“The design of this proposal has been, ‘Let’s get solar out of the way,’” said Vikram Aggarwal, the founder and chief executive of EnergySage, a rooftop-solar comparison shopping site. “This proposal just doesn’t feel fair from any perspective.”
Fairness has been at the heart of California’s solar debate.
Since Gov. Arnold Schwarzenegger, a Republican, kicked off the state’s “Million Solar Roofs” initiative in 2006, regulators have struggled to find a balance between encouraging rooftop solar and keeping electrical rates affordable. The dispute boils down to two big questions: How much should homeowners be paid for the excess power their solar panels send to the grid, and how much should rooftop solar users pay toward running the grid.
Utilities, their labor unions and some environmental and consumer groups say rooftop solar owners are being paid too much because utilities can produce electricity or buy it on the wholesale market at a much lower cost.
Lower-income customers who cannot afford solar panels are effectively subsidizing affluent homeowners, said Matthew Freedman, a staff lawyer for The Utility Reform Network, which represents ratepayers in California. “We have a crisis of affordability.”
Ari Vanrenen, a spokeswoman for PG&E, said: “Sensible reform is necessary to support customer equity and help continue California’s success toward a clean energy future.”
During a virtual public hearing this month, Al Fortier, a leader in the electrical workers union, said well-paying union jobs at utilities were under threat from the growth of rooftop solar. “Net metering is making it worse,” he said.
Unions representing coal miners, electricians and other workers have expressed similar concerns that the transition to renewable energy will depress wages. Companies in that business have generally opposed organizing efforts and usually pay less than old-line energy businesses. Utility linemen in California earned an average salary of $94,000 in 2020, while solar panel installers made about $50,000, according to government data.
The solar industry argues that it provides various jobs, many that pay as well as comparable utility positions. Solar employs about 69,000 workers in California, including 25,000 residential installers, compared with the 38,000 who work for the state’s three large investor-owned utilities.
Mary Powell, a former Vermont utility executive who last year became chief executive of Sunrun, the country’s largest residential solar company, said the energy transition offered many opportunities for her company and utilities.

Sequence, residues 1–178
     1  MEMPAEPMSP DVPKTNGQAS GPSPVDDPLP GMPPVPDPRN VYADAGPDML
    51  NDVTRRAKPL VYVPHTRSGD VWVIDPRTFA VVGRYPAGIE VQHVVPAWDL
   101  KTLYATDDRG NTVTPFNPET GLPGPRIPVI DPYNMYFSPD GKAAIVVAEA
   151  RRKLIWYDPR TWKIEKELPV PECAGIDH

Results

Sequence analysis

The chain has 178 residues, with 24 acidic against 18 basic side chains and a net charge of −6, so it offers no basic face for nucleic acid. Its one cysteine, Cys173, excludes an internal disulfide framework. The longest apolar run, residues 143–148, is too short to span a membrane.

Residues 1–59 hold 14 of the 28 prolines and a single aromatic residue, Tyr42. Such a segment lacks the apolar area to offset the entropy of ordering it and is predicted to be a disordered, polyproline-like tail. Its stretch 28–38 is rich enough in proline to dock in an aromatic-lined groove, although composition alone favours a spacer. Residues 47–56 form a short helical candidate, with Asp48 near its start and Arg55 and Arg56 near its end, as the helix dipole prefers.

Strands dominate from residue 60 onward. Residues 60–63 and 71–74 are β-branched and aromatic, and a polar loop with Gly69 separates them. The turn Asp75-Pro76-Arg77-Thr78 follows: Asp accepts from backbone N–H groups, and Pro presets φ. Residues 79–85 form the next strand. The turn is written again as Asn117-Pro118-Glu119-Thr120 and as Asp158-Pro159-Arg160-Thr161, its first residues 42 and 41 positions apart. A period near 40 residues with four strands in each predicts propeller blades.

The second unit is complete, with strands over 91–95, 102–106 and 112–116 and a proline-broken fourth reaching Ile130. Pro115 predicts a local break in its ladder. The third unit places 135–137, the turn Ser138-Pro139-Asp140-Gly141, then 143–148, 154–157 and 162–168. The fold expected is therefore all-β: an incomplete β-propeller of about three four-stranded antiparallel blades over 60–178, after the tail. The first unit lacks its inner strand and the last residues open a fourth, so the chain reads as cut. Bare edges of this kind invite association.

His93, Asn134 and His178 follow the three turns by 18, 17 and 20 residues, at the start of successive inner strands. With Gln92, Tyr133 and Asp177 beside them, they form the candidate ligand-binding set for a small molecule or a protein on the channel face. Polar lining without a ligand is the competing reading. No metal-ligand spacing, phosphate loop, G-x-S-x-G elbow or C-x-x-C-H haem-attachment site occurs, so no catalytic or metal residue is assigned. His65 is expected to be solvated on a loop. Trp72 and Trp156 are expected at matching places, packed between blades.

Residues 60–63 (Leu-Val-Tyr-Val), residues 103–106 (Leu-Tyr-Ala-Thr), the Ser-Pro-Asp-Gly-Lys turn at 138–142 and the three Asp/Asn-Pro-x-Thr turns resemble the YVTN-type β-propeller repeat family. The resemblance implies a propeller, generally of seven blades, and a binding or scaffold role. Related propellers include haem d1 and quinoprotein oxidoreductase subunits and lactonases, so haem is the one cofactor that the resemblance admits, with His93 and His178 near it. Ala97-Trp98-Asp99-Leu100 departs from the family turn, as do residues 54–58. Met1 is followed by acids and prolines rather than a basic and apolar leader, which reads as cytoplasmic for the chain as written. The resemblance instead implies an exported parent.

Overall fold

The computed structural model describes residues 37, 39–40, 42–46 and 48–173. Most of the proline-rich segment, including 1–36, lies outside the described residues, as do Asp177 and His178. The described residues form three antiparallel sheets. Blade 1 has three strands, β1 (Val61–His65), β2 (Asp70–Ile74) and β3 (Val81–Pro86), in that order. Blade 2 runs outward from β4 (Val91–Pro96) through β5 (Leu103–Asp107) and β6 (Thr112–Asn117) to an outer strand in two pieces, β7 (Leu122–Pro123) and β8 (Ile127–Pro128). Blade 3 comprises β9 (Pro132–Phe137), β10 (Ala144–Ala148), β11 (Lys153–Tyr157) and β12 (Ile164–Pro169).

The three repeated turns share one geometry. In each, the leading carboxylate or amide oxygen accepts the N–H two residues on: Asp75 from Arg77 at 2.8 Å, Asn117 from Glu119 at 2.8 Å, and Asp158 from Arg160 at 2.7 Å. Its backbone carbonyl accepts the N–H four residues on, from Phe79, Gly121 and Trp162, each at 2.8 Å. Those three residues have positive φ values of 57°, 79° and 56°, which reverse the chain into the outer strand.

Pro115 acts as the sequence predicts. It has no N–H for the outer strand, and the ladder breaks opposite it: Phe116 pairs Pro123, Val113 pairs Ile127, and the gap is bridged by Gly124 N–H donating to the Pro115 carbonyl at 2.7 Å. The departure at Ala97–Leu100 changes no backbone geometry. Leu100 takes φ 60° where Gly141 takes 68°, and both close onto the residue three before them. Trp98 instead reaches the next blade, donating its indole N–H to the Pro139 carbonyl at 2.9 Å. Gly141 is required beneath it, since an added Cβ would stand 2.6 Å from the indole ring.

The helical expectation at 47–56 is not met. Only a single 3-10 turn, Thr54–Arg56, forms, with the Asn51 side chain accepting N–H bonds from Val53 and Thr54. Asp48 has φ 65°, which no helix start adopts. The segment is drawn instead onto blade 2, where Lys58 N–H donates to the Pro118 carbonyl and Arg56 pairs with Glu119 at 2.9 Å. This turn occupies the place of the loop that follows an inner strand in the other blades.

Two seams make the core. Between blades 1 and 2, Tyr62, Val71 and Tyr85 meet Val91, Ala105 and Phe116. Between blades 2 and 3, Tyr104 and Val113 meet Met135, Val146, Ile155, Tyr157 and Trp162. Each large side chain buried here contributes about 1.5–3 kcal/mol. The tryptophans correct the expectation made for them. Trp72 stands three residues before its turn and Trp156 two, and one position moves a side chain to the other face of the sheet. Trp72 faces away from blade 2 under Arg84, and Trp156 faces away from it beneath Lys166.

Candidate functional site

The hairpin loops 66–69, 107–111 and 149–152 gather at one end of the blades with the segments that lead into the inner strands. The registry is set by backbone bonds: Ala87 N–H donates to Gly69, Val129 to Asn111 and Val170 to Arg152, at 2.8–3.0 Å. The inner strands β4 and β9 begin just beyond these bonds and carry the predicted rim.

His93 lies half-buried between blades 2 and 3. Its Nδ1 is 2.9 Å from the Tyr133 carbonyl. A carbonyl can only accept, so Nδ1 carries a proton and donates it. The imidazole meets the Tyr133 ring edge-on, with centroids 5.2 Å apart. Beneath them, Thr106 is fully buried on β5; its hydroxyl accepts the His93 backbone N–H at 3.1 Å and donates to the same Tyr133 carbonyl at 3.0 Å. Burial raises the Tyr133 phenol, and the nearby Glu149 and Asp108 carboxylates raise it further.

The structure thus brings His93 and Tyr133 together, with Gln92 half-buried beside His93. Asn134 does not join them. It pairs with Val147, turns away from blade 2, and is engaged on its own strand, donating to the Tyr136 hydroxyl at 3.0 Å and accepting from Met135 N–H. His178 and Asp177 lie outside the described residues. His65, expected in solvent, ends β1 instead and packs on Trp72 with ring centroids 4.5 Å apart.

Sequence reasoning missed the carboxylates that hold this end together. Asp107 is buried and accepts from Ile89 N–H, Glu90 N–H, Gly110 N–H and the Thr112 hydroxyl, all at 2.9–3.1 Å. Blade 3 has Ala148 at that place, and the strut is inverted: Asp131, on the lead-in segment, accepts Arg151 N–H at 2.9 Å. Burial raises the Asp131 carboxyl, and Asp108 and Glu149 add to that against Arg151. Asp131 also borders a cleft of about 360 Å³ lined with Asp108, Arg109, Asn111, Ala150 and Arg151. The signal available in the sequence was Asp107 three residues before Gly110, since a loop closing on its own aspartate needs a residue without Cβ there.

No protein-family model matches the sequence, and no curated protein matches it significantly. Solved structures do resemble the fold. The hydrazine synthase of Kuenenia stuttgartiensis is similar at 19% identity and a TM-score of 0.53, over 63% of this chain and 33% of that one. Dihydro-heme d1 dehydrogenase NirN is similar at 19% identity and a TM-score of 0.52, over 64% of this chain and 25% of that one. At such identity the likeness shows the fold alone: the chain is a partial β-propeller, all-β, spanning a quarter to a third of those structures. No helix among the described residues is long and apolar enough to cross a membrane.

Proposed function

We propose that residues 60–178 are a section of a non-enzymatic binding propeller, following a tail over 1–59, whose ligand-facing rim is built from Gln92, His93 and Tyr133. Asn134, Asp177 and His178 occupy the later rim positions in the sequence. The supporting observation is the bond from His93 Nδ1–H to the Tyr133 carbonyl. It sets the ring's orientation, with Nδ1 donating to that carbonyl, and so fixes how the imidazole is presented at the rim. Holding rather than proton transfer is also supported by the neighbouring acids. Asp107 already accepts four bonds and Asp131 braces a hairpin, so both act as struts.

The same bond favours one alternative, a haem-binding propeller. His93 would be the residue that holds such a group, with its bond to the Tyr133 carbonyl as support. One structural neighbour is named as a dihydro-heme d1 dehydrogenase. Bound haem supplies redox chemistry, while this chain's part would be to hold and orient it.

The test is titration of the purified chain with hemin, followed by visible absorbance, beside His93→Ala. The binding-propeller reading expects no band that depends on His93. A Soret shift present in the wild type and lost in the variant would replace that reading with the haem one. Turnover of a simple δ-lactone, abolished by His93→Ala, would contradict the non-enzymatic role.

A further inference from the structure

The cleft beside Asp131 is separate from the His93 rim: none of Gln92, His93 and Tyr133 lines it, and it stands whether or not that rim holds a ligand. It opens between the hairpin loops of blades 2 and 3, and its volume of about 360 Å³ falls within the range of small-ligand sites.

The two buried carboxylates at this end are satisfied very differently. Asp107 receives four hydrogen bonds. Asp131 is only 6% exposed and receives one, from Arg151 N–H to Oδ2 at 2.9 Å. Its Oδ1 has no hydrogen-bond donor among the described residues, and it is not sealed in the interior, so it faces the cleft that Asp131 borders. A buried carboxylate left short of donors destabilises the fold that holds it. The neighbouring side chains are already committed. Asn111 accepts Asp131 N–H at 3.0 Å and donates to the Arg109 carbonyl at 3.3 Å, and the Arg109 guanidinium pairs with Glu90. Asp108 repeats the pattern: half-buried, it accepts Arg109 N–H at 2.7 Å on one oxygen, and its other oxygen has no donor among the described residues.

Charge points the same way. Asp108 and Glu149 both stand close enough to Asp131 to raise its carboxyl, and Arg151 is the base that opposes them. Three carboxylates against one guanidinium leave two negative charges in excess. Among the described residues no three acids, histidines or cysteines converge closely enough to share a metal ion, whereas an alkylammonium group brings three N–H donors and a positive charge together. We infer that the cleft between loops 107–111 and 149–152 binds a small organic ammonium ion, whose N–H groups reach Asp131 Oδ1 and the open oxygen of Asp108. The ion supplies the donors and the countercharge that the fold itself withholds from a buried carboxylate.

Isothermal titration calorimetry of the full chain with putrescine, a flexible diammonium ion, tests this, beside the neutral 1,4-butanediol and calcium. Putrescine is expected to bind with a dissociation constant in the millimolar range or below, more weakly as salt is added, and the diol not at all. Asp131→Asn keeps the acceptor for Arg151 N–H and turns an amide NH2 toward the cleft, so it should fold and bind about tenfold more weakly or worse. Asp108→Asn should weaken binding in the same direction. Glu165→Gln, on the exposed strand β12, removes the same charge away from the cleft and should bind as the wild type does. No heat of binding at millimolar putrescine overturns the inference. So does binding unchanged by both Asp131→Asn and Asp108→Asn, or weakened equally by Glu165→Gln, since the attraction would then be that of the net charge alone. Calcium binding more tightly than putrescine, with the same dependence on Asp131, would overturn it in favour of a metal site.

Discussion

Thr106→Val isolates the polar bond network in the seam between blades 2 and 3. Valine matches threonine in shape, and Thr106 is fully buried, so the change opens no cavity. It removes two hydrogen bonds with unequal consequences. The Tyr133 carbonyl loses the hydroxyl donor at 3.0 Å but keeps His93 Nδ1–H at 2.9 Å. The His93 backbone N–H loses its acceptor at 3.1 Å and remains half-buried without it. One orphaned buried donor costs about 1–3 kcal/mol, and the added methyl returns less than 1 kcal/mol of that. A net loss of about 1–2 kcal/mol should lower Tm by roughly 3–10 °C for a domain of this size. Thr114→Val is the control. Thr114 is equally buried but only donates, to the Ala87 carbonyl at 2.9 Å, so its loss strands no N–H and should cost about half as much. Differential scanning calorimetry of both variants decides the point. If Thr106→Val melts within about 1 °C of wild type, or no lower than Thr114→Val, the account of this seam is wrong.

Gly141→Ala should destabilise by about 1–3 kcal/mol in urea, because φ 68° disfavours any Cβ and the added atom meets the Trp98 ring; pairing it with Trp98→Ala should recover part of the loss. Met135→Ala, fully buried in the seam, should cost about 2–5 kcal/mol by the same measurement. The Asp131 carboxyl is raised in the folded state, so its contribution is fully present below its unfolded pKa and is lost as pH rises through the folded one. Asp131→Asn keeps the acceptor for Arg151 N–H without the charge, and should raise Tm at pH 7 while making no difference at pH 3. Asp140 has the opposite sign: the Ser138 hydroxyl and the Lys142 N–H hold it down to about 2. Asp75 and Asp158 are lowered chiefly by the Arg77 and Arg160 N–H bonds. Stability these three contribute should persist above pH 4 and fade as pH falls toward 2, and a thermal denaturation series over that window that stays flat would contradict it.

“This should not be a fight,” Ms. Powell said at a rally this month in Los Angeles. “If the utilities are enlightened, what do they do? They embrace what we do.”
Mr. Feldman of the National Renewable Energy Laboratory, a division of the U.S. Energy Department, said the campaign to limit rooftop solar often ignores its benefits. Rooftop panels reduce the amount of power the grid needs to deliver, making the system more efficient.
“If you insulate your roof, buy energy-efficient appliances,” Mr. Feldman said, “that’s not any different from the grid perspective of a solar system.”
The use of rooftop systems also reduces the need for new power plants — including those that contribute to climate change — and long-distance power lines, which have ignited large wildfires.
That is why other state officials want more rooftop solar. The California Energy Commission requires solar panels on new homes and last year voted to require solar panels and batteries in some new buildings, including apartments.
The utility commission’s proposal may not limit the use of rooftop solar by affluent people, but it would discourage others, said Bernadette Del Chiaro, the executive director of the California Solar and Storage Association. About 12 percent of California’s rooftop solar users, or 150,000 homes, have incomes low enough to qualify for discounted electricity — $34,840 a year or less for individuals and up to $62,080 for families of five. That’s more than all of the 107,000 rooftop solar homes in Florida.
“All the rhetoric of only rich people adopting rooftop solar is patently false,” Ms. Del Chiaro said.
Ralph Baca, a retired warehouse worker for the federal government, said the proposed changes would probably have made his rooftop solar system unaffordable.
Because he has a low, fixed income, he receives a 30 to 35 percent discount on his electric bill. Mr. Baca, who is 68 and lives in Barstow, two hours outside Los Angeles, typically paid $100 a month for electricity and up to $150 in the summer, forcing him to cut back on other necessities. After he bought solar panels about a month ago, his electricity costs are fixed at $94 a month — $84 goes to Sunrun and $10 to Southern California Edison.
“I’m not wealthy,” Mr. Baca said. “I was raised to turn everything off or we’d get a whipping.”
Terrie Prosper, a utility commission spokeswoman, said its proposal would save lower-income consumers $60 to $120 a year in 2030.
The proposal would raise monthly costs on people who already had solar panels in the 15th year after their system was connected to the grid. New solar users would pay higher fees right away.
Other states, like Nevada and Hawaii, cut solar incentives but reversed course after public outcry and when regulators reassessed their policies.
Leah Stokes, an associate professor of political science at the University of California, Santa Barbara, who specializes in energy and environmental policy, said the commission ought to have found a way to make electricity bills and rooftop solar more affordable — a goal of at least one bill in the Legislature.
“California has really led the nation in many ways, as well as helped bring down the costs,” she said. “So we don’t want to imperil that industry. But at the same time, electricity bills need to be affordable, particularly for low-income people.”